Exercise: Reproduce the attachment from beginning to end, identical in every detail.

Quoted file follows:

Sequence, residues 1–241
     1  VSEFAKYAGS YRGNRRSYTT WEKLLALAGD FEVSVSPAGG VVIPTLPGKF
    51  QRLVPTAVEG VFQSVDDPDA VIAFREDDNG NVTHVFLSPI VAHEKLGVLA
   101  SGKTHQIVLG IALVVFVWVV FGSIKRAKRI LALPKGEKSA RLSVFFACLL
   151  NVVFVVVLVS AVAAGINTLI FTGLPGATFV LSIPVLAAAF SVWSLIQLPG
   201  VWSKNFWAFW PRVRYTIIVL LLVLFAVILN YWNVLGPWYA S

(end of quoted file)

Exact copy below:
Sequence, residues 1–241
     1  VSEFAKYAGS YRGNRRSYTT WEKLLALAGD FEVSVSPAGG VVIPTLPGKF
    51  QRLVPTAVEG VFQSVDDPDA VIAFREDDNG NVTHVFLSPI VAHEKLGVLA
   101  SGKTHQIVLG IALVVFVWVV FGSIKRAKRI LALPKGEKSA RLSVFFACLL
   151  NVVFVVVLVS AVAAGINTLI FTGLPGATFV LSIPVLAAAF SVWSLIQLPG
   201  VWSKNFWAFW PRVRYTIIVL LLVLFAVILN YWNVLGPWYA S